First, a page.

As Griffiths explains, the social distance I felt with Gavin is not anyone’s fault: ‘When a friend becomes famous, everything is unbalanced. The social dynamic is altered. Imagine that you’re all having a drink as you used to, yet one of you is now a Hollywood star. He is bound to be the center of attention. He will be telling stories about Gwyneth and Brad. Then it’s your turn and, not surprisingly, you’re a bit embarrassed to mention your recent darts match. The friendship withers because ordinary people feel ashamed of their humbler lives. But it’s sad for the famous as well as the ordinary.’
One important fact in the case of both Gavin and Ricky, a fact that has served to prevent me being entirely consumed by envy, is that they are both talented and hard-working’ they’ve both striven over years for the success they now enjoy. How much more difficult might it have been if their fame had been undeserved and capricious, or bewilderingly sudden, like the fame of, say, the Big Brother people or Pop Idol? The evidence, surprisingly, is that this kind of fame is easier on the friends of the famous. ‘Because the Big Brother type of fame is accidental and transient, it’s easier to deal with,’ Griffiths says. ‘You need talent to sustain fame, and I fear that Craig and Bubble are not overburdened by talent. Their fame will quickly fade. But their friendships will probably endure.’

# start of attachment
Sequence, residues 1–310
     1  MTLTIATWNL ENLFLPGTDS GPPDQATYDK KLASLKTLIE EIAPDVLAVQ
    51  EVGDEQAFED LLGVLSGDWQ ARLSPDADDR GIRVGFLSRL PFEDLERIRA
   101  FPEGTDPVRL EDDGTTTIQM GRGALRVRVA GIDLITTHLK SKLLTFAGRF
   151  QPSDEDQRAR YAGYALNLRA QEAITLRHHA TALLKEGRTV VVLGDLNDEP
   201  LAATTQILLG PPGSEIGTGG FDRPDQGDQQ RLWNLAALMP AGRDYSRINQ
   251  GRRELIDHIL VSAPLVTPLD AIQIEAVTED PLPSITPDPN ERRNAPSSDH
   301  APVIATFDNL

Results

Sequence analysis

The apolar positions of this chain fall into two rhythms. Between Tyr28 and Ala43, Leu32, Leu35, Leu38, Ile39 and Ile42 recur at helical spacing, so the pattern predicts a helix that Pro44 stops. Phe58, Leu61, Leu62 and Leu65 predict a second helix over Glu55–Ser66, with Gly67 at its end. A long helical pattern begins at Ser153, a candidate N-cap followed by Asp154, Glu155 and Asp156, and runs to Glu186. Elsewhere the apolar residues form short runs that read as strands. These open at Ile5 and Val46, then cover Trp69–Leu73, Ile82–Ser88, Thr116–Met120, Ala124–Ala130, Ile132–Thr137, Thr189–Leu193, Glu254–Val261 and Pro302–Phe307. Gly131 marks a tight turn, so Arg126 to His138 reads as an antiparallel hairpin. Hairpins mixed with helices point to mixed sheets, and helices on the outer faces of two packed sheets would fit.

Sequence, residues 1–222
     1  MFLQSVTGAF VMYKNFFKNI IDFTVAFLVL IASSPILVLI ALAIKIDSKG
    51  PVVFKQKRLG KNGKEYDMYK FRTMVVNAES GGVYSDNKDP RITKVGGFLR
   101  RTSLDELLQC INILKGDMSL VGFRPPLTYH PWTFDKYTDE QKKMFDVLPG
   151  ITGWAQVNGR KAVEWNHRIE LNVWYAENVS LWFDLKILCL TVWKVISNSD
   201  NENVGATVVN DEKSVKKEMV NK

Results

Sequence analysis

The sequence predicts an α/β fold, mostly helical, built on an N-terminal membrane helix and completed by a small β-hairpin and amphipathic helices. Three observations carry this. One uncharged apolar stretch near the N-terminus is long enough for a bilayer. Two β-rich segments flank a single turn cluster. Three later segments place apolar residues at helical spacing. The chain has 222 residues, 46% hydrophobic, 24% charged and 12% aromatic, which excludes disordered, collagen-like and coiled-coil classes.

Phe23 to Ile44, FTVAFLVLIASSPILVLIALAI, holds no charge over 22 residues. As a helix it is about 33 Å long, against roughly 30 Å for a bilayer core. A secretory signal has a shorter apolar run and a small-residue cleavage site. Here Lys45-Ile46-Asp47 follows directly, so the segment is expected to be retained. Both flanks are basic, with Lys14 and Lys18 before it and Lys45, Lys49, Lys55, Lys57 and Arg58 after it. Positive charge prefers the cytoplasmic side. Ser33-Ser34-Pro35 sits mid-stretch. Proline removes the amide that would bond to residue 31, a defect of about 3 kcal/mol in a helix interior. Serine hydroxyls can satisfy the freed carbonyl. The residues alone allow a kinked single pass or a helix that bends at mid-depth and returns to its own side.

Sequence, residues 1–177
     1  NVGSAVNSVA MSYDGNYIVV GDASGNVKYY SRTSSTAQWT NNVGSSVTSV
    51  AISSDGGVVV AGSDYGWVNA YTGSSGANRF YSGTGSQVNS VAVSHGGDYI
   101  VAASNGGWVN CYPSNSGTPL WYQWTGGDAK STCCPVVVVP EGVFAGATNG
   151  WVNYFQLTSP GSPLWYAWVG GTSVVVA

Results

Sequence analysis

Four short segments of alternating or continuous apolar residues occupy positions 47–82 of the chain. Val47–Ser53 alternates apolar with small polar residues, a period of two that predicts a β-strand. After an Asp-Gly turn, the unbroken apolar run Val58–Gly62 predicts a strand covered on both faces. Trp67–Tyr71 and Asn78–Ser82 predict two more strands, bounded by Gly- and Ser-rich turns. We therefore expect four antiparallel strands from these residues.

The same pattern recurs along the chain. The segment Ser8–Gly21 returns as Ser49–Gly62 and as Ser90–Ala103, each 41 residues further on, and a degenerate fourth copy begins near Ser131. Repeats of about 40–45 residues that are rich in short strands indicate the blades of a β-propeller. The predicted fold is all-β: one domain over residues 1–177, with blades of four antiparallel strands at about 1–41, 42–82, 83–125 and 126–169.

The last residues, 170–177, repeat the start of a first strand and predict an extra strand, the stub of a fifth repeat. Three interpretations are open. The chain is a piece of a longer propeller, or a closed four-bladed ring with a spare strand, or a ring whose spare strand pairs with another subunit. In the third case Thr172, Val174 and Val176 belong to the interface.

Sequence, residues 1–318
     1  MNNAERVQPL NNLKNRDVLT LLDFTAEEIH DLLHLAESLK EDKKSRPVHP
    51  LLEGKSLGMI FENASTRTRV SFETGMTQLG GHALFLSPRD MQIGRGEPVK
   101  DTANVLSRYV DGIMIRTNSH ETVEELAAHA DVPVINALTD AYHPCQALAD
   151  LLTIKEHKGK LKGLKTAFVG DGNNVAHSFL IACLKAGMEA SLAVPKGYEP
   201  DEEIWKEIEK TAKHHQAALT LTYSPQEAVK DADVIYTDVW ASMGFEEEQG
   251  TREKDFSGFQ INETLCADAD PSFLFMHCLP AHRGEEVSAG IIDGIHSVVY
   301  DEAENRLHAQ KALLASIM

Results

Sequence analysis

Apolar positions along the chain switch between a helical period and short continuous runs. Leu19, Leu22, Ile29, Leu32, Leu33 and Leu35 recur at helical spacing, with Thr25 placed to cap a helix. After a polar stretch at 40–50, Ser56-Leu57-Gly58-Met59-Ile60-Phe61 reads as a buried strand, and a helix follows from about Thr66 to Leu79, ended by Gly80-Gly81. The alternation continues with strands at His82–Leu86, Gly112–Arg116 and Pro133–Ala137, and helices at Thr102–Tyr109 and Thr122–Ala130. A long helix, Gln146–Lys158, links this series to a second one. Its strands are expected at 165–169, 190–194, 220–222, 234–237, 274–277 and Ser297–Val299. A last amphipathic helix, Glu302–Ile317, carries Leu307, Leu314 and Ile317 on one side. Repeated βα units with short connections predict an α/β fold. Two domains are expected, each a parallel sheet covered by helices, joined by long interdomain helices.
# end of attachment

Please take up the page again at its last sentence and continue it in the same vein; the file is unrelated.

Neither is Pop Idol’s brand of sudden fame too destructive. I used to go out with a girl who was at Exeter Uni with Will Young’ the Pop Idol victor. She rebuts the idea that overnight fame has propelled him into some social stratosphere. ‘Will and me and my mates used to go drinking. I’ve seen him wobbling down a road in Exeter being sick. And he hasn’t changed that much since he won. He stays in touch. After he won Idol, but before he came out as gay, the tabloids were offering us £2,000 each to talk about his past. Nobody took it because he’s a mate.’
So what about Ricky Gervais and me? What happened when I finally bumped into the guy I have contrived to remember as an ‘old friend’? It was in the British Museum a few months ago when I saw Ricky strolling past the information counter. Hi, I said, remember me? Ricky stopped, smiled, and said ‘of course’ and was deftly charming. We talked about his band and the ancient NME interview. Then we shook hands, promised each other a drink, and went our separate ways. It was only as I emerged into the frost of a Bloomsbury evening that I realized he probably hadn’t recalled my name. Hah!
The Cheek Perforation Dance, by Sean Thomas, is published by Flamingo Books on November 4